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Conference at Cold Comfort Farm by Stella…

Conference at Cold Comfort Farm (1949)

by Stella Gibbons

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Conference at Cold Comfort Farm (1949) by Stella Gibbons is but a vague shadow of her vastly popular Cold Comfort Farm, published in 1932 (My review in December).

Cold Comfort Farm is a wonderful parody on the backwardness of rural life, centred on the hilariously funny and idiosyncratic characters of the members of family of the Starkadders, and Flora Poste revolutionising their lives.

Its sequel, Conference at Cold Comfort Farm is an utter failure to captivate the spirit of the original novel. As ominously forewarned in Cold Comfort Farm, the farm would not be the same without the Starkadders. But to get on in the world, making some of the principal characters leave the old place is Flora's main achievement. By the time of Conference at Cold Comfort Farm most of them have not returned. Amos Starkadder is still in America where he has founded a church, The Church of The Quivering Brethren. In fact, virtually all Starkadders have moved away and done the farm over to the National Trust. They have revamped Cold Comfort Farm into a conference centre, converting the meadows to trimmed lawns, restricting 'sukebind' to a pot plant, and dividing the rooms of the farm into meeting and conference rooms with prosaic names such as "Ye Olde Pantry" and "The Lytel Store Roome". To sum up, Cold Comfort Farm isn't what it used to be.

Supposedly, Flora Poste sets out to set things straight, just as she did in the first novel. But none of that really happens. First of all, the novel struggles to re-introduce the many characters from the old novel, readers may remember there were a great many. In in Conference at Cold Comfort Farm most of them are remembered, but they make no appearance the story. Then, the novel introduces a great number of new characters and organizations, but far less successfully than in the original novel. In Cold Comfort Farm readers knew each type the original characters represented, and the humour was largely based in familiarity, but in Conference at Cold Comfort Farm the new characters are introduced, but they remain vague, as it is not immediately clear who or what they stand for. Even though in some ways the set of characters in Conference at Cold Comfort Farm is closer to our contemporary lifestyle, the author does not take the trouble to characterize the managers, or sketch out the other characters, such as the Sage, a character we might think of as a sufi or guru in but a few lines. For most characters it is too difficult to guess who they stand for.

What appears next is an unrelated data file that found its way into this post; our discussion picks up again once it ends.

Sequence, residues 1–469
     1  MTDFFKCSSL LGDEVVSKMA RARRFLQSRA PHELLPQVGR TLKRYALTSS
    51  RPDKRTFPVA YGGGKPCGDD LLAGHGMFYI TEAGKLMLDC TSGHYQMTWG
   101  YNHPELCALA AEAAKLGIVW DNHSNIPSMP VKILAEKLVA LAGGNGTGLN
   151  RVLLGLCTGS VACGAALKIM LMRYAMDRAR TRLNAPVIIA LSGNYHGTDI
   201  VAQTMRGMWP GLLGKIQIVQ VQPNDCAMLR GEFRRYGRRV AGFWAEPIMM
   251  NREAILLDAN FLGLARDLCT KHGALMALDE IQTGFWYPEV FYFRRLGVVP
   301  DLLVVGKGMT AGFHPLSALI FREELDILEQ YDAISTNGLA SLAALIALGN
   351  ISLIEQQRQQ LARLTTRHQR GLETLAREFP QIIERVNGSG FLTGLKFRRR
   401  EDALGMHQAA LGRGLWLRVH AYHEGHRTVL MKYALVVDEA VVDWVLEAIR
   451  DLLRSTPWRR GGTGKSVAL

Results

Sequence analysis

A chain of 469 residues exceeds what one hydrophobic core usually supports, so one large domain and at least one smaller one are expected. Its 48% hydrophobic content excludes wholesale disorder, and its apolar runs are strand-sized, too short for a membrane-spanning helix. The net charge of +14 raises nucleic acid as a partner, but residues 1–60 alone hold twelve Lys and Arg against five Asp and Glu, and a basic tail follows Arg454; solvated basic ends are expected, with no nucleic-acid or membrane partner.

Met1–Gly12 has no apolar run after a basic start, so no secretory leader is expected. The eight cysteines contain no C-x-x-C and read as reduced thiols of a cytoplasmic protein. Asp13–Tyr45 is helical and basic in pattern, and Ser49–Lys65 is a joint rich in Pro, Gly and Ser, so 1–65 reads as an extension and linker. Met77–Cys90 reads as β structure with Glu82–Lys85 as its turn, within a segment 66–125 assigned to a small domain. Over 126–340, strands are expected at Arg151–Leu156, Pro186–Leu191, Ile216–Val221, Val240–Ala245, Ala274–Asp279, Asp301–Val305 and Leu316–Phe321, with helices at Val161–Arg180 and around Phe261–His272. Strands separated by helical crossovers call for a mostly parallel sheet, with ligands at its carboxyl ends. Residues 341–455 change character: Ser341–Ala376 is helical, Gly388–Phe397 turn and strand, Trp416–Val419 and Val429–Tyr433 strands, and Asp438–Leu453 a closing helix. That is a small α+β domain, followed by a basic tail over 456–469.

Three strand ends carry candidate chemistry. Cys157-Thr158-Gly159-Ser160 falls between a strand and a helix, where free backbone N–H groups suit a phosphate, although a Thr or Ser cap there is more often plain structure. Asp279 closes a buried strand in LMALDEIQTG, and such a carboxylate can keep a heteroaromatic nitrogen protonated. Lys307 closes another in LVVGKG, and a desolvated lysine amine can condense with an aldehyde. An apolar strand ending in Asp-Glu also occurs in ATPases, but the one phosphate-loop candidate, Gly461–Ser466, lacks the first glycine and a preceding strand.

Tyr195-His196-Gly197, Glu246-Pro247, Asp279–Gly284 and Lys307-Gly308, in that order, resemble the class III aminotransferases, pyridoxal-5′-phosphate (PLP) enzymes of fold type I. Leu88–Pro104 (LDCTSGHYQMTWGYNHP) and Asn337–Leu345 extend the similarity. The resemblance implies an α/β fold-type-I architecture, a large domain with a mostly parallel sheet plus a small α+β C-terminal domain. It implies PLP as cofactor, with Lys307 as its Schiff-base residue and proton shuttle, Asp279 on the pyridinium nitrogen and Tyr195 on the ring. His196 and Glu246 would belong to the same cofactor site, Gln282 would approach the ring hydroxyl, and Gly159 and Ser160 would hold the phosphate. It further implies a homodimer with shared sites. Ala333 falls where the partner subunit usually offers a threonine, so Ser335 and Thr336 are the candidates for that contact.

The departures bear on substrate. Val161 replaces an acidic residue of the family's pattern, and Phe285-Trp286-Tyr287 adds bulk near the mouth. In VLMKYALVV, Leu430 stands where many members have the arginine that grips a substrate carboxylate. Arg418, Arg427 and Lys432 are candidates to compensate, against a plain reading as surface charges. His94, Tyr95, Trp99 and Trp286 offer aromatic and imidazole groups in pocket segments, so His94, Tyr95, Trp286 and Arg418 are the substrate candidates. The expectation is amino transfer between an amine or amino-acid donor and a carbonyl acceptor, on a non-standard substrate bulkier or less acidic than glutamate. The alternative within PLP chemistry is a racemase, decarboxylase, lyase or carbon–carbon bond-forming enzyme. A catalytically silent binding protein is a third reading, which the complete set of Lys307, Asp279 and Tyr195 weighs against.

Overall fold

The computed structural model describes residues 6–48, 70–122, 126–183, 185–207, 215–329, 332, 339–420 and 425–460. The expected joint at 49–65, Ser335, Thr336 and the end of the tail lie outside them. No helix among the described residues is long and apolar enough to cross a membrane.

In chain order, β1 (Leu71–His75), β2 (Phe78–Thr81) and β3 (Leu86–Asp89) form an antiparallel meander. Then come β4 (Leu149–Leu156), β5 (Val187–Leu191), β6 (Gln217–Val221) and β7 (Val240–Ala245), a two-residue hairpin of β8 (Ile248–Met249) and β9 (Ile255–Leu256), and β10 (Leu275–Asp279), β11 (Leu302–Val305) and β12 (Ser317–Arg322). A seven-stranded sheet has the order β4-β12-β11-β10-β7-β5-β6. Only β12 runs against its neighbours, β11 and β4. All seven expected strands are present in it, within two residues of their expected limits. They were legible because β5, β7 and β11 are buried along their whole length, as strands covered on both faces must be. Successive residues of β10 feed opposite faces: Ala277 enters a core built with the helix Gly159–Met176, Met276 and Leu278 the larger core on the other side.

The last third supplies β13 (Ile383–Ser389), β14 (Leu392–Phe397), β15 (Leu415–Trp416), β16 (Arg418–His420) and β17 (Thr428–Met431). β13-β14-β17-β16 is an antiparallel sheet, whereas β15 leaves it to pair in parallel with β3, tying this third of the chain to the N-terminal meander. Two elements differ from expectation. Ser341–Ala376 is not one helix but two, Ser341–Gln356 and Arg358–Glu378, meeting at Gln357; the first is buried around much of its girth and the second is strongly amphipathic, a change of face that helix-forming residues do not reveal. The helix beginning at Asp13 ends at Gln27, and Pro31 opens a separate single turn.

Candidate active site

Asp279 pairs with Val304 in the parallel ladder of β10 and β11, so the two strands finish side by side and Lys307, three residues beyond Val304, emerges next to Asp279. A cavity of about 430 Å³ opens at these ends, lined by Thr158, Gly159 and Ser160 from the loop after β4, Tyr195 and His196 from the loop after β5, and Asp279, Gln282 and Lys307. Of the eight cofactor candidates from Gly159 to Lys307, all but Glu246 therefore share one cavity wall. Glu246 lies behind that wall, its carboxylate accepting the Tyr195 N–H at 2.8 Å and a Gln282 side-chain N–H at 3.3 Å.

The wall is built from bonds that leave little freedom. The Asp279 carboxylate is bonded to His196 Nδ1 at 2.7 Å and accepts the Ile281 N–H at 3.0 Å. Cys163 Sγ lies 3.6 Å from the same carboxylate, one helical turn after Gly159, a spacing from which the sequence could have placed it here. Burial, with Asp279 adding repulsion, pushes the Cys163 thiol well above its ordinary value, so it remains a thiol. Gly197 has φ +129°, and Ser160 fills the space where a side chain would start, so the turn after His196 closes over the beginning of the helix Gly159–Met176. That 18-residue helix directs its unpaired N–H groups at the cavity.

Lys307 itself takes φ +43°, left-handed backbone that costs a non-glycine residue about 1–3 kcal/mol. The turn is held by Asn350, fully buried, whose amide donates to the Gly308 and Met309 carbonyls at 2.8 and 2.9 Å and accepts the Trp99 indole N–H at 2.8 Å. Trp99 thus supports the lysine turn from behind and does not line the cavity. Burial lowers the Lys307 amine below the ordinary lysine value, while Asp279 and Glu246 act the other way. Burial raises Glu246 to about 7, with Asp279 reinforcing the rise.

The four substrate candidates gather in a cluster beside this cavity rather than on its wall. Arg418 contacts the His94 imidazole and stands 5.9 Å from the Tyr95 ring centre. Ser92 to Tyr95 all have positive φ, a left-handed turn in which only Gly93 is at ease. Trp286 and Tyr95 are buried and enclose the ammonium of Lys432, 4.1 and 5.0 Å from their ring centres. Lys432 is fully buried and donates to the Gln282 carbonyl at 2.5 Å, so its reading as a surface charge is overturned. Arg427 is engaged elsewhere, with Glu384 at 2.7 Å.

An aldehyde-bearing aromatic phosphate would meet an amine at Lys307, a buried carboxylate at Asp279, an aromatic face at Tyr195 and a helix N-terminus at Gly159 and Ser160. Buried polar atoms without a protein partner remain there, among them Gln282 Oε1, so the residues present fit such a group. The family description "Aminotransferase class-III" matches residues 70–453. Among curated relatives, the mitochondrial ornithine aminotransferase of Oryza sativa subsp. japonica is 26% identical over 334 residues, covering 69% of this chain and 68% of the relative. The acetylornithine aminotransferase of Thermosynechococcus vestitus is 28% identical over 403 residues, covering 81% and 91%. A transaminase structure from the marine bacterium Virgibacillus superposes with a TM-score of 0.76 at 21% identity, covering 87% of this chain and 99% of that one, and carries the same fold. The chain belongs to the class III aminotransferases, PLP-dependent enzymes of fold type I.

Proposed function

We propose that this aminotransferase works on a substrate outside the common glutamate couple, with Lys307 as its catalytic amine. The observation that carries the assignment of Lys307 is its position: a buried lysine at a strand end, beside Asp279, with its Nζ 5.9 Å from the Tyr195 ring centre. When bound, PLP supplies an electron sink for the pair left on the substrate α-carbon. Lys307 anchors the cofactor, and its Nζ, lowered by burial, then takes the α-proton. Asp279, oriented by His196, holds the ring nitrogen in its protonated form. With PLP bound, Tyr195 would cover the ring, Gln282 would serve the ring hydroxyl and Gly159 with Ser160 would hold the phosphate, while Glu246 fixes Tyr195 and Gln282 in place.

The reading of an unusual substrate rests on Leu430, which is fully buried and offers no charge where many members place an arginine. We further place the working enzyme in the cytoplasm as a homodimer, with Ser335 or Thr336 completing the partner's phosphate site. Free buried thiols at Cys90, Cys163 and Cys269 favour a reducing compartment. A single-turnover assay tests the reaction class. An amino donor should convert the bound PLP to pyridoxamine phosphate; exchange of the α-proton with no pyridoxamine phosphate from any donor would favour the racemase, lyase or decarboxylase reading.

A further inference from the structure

Moreover, Flora's (mimicking her newly acquired accent also referred to as "Flawra") mission is not at all clear. Restoring Cold Comform Farm would mean attempting to bring the Starkadders back, but as it was Flora's achievement to make them leave, this mission does not seem a viable option. In fact, it is never attempted, and the novel soon stands in descriptions of old and new characters, while any imagined mission soon disappears to the background or id forgotten altogether.

The 2002 edition by Vintage of Conference at Cold Comfort Farm was published with a short introduction by Libby Purves, but this introduction is rather useless. It looks as Ms Purves made no serious attempt to explain the background of the novel, and her suggestions regarding the possible background of characters seems haphazard and without foundation and far-fetched. ( )
2 vote edwinbcn | Jan 8, 2014 |
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Author nameRoleType of authorWork?Status
Stella Gibbonsprimary authorall editionscalculated
Montserrat, PepCover artistsecondary authorsome editionsconfirmed
Purves, LibbyIntroductionsecondary authorsome editionsconfirmed
Vales, José C.Translatorsecondary authorsome editionsconfirmed
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I think it necessary to make a stand against the encroachments of black bile - Thomas Love Peacock.
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On a sunny morning in the midst of the Second Dark Ages, Flora and Charles Fairford were seated at breakfast with their family in the vicarage overlooking the Regent's Park in London where they had lived since Charles's ordination some thirteen years ago.
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